Συχνές ερωτήσεις

What is Oil Viscosity?

Viscosity is a fluid’s resistance to flow. In case of lubricants the viscosity is very important because it affects the oil’s ability to reduce friction and transfer heat. The viscosity is measured in mPa*s (millipascal-seconds) but in everyday life we don’t use the actual measured viscosity, we use viscosity grades instead. These grades, also known as “weights” were set by the SAE (Society of Automotive Engineers) and in order for a fluid to fall in a given category it has to meet certain limits. These limits are listed in the SAE J 300 table. The numbers that have a W after them are the so-called winter viscosities while the numbers that don’t have a W are the so-called summer- or operating temperature viscosities. Several decades ago motor oils either fell in one of the winter viscosities or in one of the summer viscosities. These products were monograde oils and car owners had to change oil at least twice a year: once for the winter and once for the summer. Thanks to the synthetic base oils and the viscosity modifier additives nowadays most motor oils are so-called multigrade oils that don’t change their viscosity with

What is the best motor oil Viscosity?

There is no single best motor oil viscosity. As a rule of thumb always follow the car manufacturer’s recommendations. Older cars are usually ok with a 10W-30 oil, while newer cars usually like a lower viscosity oil, like 5W-30, 0W-30 or sometimes even 0W-20. It’s important to keep in mind that viscosity is not the only important property of the oil: if there is any special specification (e.g. API SN or GM Dexos 2) required by the car manufacturer then the oil should meet that specification and should also be the correct viscosity in order to be used for that particular vehicle.

Whai is the Viscosity Index?

Viscosity (actual viscosity, not the viscosity grade) changes with temperature. The hotter it is the lower is the viscosity, the colder it is the higher is the viscosity. However, the degree of this temperature-related change of viscosity is not the same in case of every oil. Some oils change their viscosity more when temperature changes some change less. Those that change less have a higher viscosity index, those that change more have a lower one. (Remember the discussion about the monograde and multigrade oils before? Monograde oils’ viscosities change more as temperature changes multigrade oils’ change less so multigrade oils have higher viscosity indices.) We like oils with higher viscosity indices more because it means that the oil is more stable viscosity-wise. For lubrication purposes there is an optimal viscosity and the less the oil deviates from this optimum, the better. Synthetic oils have higher viscosity indices making them superior to the mineral oils in this regard as well.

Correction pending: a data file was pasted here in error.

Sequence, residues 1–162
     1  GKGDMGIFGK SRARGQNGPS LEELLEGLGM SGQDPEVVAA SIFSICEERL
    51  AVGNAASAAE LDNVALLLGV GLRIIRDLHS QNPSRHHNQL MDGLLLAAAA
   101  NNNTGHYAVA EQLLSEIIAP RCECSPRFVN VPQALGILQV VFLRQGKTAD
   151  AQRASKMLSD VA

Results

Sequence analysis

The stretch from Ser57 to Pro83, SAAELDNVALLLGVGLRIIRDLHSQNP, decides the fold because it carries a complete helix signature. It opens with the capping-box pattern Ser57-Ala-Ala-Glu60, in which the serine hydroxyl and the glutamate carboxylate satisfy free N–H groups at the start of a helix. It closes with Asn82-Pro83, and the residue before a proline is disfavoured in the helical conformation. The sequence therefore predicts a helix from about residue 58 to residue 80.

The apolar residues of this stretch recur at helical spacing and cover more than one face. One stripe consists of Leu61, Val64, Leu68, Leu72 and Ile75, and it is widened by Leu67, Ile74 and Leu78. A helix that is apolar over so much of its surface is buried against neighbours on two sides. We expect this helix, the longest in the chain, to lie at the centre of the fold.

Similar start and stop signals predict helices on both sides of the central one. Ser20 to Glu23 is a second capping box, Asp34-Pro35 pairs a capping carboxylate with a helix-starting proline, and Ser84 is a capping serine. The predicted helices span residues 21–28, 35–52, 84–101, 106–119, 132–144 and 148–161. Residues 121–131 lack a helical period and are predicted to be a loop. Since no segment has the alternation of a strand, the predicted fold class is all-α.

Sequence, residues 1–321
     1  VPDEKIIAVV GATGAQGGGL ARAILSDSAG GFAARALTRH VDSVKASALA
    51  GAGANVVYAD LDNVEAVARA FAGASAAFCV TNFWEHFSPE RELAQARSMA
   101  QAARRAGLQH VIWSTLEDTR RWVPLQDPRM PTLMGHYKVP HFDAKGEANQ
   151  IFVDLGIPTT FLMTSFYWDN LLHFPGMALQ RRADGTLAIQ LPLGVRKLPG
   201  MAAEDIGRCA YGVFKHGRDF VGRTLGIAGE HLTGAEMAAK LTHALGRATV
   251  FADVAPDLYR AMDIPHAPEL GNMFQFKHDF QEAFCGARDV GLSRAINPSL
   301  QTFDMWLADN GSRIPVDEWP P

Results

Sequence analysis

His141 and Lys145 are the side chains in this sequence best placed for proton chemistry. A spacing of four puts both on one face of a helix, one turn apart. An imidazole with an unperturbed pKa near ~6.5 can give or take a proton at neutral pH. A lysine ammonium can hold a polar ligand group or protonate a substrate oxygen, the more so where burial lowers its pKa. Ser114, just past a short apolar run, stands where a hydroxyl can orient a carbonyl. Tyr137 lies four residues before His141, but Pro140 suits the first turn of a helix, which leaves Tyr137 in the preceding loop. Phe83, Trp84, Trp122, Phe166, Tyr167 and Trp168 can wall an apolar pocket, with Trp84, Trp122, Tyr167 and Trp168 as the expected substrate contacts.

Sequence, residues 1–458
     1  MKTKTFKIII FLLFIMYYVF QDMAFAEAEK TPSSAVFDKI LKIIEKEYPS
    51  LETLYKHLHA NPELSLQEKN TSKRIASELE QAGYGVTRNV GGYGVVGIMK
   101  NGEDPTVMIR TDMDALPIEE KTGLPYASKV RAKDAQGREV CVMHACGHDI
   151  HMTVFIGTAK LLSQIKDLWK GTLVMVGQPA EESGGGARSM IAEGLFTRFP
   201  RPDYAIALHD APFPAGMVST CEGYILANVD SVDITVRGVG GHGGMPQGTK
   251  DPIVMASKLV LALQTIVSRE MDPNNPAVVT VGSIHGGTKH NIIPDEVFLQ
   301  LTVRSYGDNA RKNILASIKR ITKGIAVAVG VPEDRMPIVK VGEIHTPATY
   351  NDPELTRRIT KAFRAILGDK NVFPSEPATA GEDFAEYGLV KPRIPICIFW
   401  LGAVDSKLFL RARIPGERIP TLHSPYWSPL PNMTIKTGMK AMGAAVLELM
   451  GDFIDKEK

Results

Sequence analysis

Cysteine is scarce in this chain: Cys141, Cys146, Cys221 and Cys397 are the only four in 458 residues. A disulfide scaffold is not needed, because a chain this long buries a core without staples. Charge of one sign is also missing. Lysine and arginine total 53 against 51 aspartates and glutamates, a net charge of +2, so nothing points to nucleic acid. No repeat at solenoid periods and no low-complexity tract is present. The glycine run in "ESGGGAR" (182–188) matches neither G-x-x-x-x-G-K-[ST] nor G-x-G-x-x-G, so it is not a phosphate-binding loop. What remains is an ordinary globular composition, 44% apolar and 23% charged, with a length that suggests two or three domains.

What are the Reasons of Oil Consumption?

One of the dreaded things car owner face is oil consumption. For some people the only time when they have to do anything motor oil related is the time when they find out that its level is too low so it needs to be topped up. That’s assuming that the regular oil change is done by the repair shop and not the owner. It’s easy to think that the oil consumption is the oil’s fault especially if you didn’t notice it until the last oil change. The truth however is not so simple. Oil consumption has many reasons. Let’s go through the most common ones quickly: Engine design. Some engines consume oil by design. From day 1. The consumption can be as high as 1 liter per 1000 kms (cca. 1.7 quarts per mile). This depends on the make and model of the engine so if oil consumption matters to you a lot then you are better off asking questions on the forums about it. Driving style. RPM affects oil consumption. The higher your usual RPM is the more oil will be consumed. That’s because you put extra pressure on the seals and gaskets and some of the oil finds its way around and gets burned away in the combustion chamber. Seal and gasket condition. The more worn they are the more oil will be consumed. What happens is the same thing that I mentioned in the previous section: the oil finds its way around the seals and it gets burned away in the combustion chamber or it simply leaks out. Higher-than-normal engine temperature. The hotter your engine runs the thinner your oil will be. Once again it will be simpler for a thin oil to reach the combustion chamber and get mixed and burned with the fuel. Too-low viscosity motor oil. If you use an oil with a viscosity below the recommended by the engine manufacturer than you will experience oil consumption for the same reason as presented in the previous section. By viscosity I do not mean SAE viscosity only. The HTHS viscosity also counts. For example you could experience higher oil consumption with a lower HTHS viscosity ACEA A1/B1 oil than with a higher HTHS viscosity ACEA A3/B3 oil. Low quality motor oil with high volatility. I mention this as the last one because this is the least common reason. If the oil’s volatility is very high than it could be noticeable in the oil consumption rate. There are also numerous other reasons including but not limited to high oil level, the damage or clogging of different engine parts and the fuel contamination of the oil.